Agile development is fading in popularity at large enterprises - and developer burnout is a key factor

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Agile development methodology is facing significant obstacles as the tech industry goes through a wave of changes including developer burnout, shifting working environments, and the rise of AI.

Agile is a software development methodology first formulated back in 2001 which aims to deliver software faster by breaking monolith projects up into smaller elements. These can then be completed in ‘sprints’ of weeks or months which are monitored at daily stand-up meetings to check on progress.

The idea is that developers and business execs should work together daily on projects and that changes should be welcomed even at a late stage in a project.

Rapid iterations – and, if necessary, failures – are the best way to get projects finished, according to this approach.

“Working software is the primary measure of progress,” is one of the 12 principles of the Manifesto for Agile Software development. All of this stands in stark contrast to the ‘waterfall’ approach which was dominant previously.

This values lots of up-front planning and projects delivered in a systematic fashion - which critics argue leaves less room for adapting to change - and a greater chance of total failure.

But now a ‘State of Agile’ survey from software development company shows that while agile has many fans, particularly in smaller firms, it is struggling to make an impact in larger organizations.

“From AI to developer burnout, hybrid work environments and unrelenting demand, change is happening in every organization in every industry. At this moment in time, it feels like agile is having difficulty adapting,” the report said.

The study found that while smaller organizations continue to consider agile as a powerful productivity and organizational framework that exhibits “obvious benefits”, medium-sized and larger companies are less satisfied with what agile can do for them, and are more likely to pick a software development strategy that uses a number of different frameworks.

Use of agile development is still widespread

According to the survey of 788 tech workers, 69% of respondents said their IT, software development, and delivery teams use agile, as do nearly half of engineering, product, and R&D teams (48%), along with 28% of business operations and 20% of marketing teams.

Roughly 44% of respondents said enterprise agile works very or somewhat well for their organizations. Smaller companies were more likely to say they were happy (52%) compared to 43% of larger businesses.

Over two thirds (71%) of respondents said they were using agile in their software development lifecycle, while 42% said their organizations use a hybrid model that includes agile, DevOps, and others.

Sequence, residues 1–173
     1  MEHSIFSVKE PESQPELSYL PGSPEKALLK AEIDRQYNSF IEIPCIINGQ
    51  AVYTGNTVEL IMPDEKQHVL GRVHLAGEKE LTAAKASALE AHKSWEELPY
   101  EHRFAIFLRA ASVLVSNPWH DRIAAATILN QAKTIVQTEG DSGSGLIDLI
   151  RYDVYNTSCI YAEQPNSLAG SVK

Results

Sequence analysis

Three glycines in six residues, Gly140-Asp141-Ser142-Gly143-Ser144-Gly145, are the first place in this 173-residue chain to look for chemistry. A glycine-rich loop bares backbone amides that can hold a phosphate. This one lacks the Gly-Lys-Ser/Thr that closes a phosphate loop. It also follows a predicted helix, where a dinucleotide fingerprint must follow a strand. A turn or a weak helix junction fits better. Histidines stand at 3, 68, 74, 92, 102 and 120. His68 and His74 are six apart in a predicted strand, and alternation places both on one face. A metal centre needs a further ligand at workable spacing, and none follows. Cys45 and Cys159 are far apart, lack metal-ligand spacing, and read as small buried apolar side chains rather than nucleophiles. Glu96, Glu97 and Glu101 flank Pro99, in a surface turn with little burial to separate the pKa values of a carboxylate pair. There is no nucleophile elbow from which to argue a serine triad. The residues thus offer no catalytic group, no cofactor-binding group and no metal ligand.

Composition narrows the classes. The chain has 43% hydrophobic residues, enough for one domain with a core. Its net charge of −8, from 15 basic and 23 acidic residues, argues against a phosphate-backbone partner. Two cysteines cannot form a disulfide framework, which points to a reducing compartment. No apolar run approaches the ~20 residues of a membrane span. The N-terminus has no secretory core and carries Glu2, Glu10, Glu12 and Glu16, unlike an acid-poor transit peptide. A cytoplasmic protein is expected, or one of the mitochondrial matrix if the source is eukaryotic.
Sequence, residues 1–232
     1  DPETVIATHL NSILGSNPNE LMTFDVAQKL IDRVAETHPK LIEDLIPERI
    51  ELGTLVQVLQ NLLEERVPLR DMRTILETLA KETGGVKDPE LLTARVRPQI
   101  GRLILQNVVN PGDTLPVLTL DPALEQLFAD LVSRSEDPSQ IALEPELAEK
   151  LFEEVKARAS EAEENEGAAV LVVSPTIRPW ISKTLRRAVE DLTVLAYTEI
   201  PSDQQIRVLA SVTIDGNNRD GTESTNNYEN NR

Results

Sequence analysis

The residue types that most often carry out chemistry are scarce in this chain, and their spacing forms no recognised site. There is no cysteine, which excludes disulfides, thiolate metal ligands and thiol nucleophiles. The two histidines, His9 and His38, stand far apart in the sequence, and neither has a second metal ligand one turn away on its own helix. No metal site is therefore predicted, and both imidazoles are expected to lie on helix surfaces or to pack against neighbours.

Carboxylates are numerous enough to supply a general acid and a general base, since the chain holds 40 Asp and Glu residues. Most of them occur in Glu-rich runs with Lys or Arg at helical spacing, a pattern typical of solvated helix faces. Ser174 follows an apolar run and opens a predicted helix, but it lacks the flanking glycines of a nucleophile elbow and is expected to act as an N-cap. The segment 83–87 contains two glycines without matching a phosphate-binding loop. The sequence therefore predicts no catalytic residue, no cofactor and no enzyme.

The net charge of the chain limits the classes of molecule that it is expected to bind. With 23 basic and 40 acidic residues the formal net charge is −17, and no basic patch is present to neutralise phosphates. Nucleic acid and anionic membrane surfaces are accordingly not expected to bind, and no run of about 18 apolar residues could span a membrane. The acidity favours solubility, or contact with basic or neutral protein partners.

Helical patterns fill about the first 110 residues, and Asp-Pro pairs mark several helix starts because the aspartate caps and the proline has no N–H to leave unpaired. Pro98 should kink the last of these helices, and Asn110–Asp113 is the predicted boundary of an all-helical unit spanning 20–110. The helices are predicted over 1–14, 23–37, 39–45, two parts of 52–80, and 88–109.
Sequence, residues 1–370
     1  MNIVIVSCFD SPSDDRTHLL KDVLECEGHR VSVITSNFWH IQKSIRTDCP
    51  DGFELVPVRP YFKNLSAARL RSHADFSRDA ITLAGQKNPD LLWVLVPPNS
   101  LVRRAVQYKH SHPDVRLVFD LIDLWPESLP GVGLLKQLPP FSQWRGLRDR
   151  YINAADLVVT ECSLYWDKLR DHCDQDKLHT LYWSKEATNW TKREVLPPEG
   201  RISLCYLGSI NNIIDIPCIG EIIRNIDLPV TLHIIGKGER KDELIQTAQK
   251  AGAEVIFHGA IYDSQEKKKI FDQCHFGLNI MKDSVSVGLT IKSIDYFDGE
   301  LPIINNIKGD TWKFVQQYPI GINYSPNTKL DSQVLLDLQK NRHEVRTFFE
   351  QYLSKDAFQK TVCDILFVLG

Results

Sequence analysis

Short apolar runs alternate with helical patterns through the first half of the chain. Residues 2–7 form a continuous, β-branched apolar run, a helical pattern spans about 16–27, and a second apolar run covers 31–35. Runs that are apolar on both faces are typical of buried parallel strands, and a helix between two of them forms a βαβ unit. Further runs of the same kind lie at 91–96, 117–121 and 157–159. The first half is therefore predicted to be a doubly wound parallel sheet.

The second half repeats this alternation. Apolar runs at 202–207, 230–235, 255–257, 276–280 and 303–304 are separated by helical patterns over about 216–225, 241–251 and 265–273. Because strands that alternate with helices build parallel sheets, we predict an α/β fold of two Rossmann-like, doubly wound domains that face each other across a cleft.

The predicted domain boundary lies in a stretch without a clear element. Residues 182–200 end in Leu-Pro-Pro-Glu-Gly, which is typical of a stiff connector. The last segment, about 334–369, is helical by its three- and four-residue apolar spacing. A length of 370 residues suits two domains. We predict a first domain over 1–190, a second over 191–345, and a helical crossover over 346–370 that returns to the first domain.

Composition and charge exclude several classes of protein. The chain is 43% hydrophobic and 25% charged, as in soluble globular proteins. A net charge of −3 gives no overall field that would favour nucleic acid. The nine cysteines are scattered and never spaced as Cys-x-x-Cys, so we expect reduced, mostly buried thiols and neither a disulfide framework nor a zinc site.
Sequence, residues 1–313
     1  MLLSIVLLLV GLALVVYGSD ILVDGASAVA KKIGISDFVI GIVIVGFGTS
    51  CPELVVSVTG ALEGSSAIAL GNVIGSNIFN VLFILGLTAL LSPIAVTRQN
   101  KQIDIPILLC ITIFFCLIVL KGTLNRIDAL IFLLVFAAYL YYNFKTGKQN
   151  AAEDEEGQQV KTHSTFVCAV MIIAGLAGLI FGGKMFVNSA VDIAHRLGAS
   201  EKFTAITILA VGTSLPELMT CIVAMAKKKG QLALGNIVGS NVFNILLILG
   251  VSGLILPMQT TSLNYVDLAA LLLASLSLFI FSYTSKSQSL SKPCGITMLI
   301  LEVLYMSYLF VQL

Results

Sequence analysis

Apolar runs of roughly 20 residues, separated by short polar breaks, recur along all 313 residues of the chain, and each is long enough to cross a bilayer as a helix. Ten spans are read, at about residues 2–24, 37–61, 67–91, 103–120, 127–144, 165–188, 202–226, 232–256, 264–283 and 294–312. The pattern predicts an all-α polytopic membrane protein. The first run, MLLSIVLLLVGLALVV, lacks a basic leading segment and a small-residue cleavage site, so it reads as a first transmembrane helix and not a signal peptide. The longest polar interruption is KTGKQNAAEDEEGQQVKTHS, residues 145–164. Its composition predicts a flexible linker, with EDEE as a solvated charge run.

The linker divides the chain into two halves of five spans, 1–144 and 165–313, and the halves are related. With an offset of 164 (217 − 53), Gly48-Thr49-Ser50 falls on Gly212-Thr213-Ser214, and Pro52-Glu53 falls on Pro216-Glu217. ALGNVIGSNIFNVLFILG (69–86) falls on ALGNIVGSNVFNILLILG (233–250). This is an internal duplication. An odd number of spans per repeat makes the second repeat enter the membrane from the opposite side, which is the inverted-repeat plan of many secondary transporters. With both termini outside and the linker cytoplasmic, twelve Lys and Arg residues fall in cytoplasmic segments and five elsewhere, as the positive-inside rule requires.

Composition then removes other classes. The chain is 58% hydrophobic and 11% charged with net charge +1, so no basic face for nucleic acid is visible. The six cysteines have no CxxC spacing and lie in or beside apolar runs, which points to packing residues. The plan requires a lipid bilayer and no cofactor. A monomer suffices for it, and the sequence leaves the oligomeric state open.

“The larger the organization, the more likely it is to use a hybrid model,” the report said, noting that bigger teams are also more likely to still use waterfall.

The report said the most successful agile implementations are in small companies. Three quarters of small companies (compared to 62% of large companies) said at least 50% of their applications were delivered on time and ‘with quality’.


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But while in last year’s survey 72% of respondents said they were satisfied with agile practices in their company, this year’s study found that has dropped to 59%.

The biggest reason for this is that nearly half of survey respondents (47%) blamed a generalized resistance to organizational change or culture clash – up seven points from 2022.

They also blamed a lack of leadership participation and a failure of management support, and while a third said that business teams did not understand what agile did or could do.

Respondents who were unhappy with agile adoption rates blamed “too many mixed systems” in their companies, while second on the list for blame was siloed teams causing a culture clash and inconsistent use of agile.

Agile has been gradually spreading beyond software development, particularly as a result of demand for broader digital transformation projects which are viewed by CIOs as a way of injecting a little of the excitement and energy needed to crack open legacy systems and find new value.

But for organizations wanting to move agile from team level to company-wide, there are still a number of problems ahead.

One-in-three blamed leadership figures “not understanding and putting roadblocks up, either knowingly or unknowingly”, closely followed by “teams not empowered to be self-organized and/or self-sufficient”.

People in medium and large companies are more likely than those in small ones to say their challenge is that everything is siloed.

“What’s clear from the data is that, when agile works, it works – there are concrete benefits for the organizations who have gotten it right,” said Derek Holt,’s CEO.

“Agile still provides us with the best opportunity to manage these transitions and drive software delivery toward maximum business value.”

Steve Ranger

Steve Ranger is an award-winning reporter and editor who writes about technology and business. Previously he was the editorial director at ZDNET and the editor of